Should I rank all the candidates in BC-STV?

April 14, 2009

Under the proposed new electoral system for British Columbia, BC-STV, you rank candidates rather than choose a single winner.  You may rank as many or as few candidates as you wish but people often ask “Should I rank everyone or is it better to just rank a few or one?”

If you are interested in every possible amount of your vote counting then the short answer is, you should rank everyone.  This is because the only way for your vote to be wasted under BC-STV is if your vote has an opportunity to be transferred and you have no further preferences listed.  Lets say you only rank one candidate, the person you really want to win, candidate Alice.  Now if Alice wins with twice as many votes as she needed, then everyone who voted for her will get half their vote transferred to their second (or third, or fouth…) choice.  Since you didn’t list any second choice, half your vote is now thrown away.  You did help elect Alice in exactly the same way you do under the current voting system.  But just like the current voting system, after that your vote doesn’t count anymore.

Maybe this doesn’t seem so bad to you, but think about the opposite case.  Lets say Alice was actually very unpopular and in order for other candidates to get enough votes to be elected, Alice was eliminated during counting.  Now everyone who voted for Alice as their first choice gets to transferred to their second choice at full strength.  Since you didn’t put down a second choice, your ballot is thrown away and 100% of your vote is now wasted, just like under first past the post.  So if you like the current system, and want to keep voting that way by all means, simply select your first choice and no others.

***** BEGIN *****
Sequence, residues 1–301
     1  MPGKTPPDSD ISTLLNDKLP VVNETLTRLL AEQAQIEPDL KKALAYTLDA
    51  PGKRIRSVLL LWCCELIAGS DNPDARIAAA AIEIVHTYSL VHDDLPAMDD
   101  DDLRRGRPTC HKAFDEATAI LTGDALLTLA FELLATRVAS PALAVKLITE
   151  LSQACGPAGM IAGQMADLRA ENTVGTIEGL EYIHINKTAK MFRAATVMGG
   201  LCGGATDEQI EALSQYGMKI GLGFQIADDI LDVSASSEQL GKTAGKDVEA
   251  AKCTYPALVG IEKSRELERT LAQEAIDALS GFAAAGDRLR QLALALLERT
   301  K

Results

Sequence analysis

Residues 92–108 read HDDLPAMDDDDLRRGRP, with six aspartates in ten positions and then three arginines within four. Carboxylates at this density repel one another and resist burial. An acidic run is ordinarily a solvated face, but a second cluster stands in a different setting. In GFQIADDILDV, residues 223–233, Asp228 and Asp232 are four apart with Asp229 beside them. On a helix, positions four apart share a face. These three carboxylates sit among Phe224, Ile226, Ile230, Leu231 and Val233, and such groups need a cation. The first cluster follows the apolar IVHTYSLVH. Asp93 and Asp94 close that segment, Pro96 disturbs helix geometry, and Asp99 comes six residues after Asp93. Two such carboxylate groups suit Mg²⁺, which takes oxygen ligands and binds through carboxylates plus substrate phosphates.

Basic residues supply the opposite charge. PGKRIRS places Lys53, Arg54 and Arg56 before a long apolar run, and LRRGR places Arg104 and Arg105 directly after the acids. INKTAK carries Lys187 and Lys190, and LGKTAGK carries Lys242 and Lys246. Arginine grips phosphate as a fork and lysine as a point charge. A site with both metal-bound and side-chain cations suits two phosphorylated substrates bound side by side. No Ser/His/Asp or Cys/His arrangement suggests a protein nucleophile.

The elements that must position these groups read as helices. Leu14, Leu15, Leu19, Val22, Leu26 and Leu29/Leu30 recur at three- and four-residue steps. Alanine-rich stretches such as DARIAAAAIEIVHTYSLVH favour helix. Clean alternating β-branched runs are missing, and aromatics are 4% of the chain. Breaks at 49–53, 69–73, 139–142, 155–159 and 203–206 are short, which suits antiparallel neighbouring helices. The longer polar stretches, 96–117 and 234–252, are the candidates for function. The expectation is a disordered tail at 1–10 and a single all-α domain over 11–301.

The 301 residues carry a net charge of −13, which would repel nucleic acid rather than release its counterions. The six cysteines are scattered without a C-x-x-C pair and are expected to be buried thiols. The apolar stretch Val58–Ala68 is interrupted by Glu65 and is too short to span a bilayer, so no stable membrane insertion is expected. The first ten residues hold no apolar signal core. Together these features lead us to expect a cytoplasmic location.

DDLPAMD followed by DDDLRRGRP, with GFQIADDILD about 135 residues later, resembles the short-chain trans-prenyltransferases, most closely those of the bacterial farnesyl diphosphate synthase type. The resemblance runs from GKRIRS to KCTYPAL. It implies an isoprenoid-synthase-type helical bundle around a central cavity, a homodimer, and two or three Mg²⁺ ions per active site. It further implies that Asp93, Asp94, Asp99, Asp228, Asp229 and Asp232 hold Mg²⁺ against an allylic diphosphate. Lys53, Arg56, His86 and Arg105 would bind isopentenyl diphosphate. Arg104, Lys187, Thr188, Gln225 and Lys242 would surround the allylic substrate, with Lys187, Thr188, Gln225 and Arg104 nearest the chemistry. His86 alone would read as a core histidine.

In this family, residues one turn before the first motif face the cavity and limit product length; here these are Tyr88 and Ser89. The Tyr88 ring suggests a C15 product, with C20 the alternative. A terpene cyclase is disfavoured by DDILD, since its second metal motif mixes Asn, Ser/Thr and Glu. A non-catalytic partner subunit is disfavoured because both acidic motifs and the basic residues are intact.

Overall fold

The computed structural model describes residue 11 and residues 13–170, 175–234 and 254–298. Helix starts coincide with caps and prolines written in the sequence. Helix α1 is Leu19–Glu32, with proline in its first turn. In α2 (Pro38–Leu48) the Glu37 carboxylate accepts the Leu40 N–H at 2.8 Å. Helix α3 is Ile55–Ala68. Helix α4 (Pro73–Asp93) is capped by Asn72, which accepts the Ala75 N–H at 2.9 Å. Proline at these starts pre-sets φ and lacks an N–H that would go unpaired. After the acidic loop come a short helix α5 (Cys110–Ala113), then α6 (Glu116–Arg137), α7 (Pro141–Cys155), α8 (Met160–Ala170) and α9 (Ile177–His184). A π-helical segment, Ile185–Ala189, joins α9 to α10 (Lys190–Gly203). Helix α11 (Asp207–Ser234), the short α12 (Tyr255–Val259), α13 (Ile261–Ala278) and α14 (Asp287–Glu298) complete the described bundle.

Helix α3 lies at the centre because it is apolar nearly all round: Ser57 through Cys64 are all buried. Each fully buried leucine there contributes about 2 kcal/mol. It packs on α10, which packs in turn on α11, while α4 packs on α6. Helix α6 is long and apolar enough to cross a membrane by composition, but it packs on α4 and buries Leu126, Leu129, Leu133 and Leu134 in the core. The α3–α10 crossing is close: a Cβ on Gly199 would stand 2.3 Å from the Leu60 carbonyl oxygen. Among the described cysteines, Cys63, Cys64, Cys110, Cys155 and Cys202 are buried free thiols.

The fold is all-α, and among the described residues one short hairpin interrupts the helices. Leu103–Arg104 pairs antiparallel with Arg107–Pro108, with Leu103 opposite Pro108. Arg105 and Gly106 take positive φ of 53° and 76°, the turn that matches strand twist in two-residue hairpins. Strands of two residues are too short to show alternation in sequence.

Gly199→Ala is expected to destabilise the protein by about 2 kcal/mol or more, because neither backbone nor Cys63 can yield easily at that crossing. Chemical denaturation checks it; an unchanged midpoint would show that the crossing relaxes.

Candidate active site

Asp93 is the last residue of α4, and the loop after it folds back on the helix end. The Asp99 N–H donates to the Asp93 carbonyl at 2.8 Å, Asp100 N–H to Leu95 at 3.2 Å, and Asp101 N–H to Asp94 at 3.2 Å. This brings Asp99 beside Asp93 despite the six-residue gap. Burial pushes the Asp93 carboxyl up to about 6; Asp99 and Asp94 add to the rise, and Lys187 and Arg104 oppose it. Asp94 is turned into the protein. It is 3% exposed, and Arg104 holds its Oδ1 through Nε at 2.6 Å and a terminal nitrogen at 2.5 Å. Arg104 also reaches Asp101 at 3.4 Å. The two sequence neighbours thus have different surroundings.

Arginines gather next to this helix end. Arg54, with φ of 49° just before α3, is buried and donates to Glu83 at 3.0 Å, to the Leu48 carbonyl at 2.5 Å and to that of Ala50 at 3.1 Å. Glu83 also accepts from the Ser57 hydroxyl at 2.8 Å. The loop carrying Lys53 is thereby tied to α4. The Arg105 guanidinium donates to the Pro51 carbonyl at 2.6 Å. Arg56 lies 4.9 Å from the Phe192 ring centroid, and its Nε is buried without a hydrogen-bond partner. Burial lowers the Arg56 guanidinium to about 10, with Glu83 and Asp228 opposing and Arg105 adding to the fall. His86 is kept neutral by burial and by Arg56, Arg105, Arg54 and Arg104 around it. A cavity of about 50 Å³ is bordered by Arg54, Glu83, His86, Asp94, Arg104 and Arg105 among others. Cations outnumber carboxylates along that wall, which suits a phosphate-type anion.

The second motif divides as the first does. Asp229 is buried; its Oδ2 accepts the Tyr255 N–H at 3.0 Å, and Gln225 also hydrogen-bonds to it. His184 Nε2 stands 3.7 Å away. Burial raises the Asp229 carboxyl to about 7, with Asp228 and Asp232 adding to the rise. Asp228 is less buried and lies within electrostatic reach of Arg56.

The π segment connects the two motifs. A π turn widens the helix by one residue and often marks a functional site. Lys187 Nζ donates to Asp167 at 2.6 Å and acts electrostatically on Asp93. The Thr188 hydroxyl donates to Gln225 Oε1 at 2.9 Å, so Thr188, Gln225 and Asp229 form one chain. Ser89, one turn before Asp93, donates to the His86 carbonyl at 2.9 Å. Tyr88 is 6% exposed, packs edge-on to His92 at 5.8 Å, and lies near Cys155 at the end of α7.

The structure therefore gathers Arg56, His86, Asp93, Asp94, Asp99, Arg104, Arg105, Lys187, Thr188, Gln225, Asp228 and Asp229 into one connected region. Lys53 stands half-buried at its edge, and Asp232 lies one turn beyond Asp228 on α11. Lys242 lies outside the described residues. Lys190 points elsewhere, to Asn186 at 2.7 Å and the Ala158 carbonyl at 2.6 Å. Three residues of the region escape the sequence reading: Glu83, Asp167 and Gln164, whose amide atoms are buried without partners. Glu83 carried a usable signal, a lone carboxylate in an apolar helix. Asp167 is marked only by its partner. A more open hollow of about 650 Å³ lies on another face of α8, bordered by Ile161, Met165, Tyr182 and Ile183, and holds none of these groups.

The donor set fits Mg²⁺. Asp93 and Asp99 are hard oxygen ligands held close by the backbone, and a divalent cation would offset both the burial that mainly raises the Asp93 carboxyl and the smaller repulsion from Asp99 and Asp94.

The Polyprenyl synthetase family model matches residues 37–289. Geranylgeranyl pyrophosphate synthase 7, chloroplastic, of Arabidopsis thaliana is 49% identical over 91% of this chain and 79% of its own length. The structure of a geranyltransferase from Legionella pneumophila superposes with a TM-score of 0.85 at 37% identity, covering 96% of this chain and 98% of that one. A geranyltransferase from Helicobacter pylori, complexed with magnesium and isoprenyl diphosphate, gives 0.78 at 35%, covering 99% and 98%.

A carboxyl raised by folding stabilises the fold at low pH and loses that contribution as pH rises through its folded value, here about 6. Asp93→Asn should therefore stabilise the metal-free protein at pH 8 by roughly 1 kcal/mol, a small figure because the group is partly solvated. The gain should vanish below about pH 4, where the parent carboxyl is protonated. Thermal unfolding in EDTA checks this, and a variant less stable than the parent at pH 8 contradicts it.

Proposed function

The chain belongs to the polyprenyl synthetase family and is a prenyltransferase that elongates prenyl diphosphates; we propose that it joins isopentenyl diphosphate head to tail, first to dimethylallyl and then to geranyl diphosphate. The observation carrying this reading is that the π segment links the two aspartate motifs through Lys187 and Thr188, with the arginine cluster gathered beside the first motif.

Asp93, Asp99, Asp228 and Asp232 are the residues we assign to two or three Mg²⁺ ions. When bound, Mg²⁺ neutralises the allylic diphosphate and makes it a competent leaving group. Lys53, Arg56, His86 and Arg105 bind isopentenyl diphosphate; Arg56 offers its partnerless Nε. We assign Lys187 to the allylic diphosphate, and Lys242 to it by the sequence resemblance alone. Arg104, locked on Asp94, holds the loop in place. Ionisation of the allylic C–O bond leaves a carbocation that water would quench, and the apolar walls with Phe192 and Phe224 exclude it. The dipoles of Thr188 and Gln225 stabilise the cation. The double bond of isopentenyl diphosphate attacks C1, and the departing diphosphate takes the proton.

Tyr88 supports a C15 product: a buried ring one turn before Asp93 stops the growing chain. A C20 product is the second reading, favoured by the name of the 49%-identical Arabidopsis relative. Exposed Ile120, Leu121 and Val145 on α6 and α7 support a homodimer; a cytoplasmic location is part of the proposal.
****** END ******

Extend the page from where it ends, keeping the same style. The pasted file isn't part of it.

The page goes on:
Now, the situation isn’t as bad if you list 4 or 5 preferences or just leave a few candidates unselected.  Then the amount you are risking to waste will be quite small.  But if you work through it logically you can show that the only time when it doesn’t matter if rank the remaining candidates is when you are completely indifferent between all of them.  That means, if there are 3 people left on your ballot that you have not ranked yet and you think they are equally bad choices then leaving them unnumbered doesn’t hurt you.  But if you think one of them, candidate Fluff, is slightly less bad than the other two, Goof and Hump, its still rational to rank Fluff and leave the other two blank even if you think Fluff is a horrible, horrible candidate.  There is no risk that you are helping Fluff win because your choice for Frank over Goof and Hump is only used if the following things have already happened to each of your previous ranked candidates

  • they’ve been elected to a seat
  • they’ve been eliminated because they are less popular than Fluff, Goof and Hump

So at that stage, why not have a say over which of these horrible candidates gets in?  As I said, if you really can’t distinguish them in their horribleness then randomly ordering them will not be more meaningful than wasting your vote so you can just not rank them at all.

I hope that clears it up.


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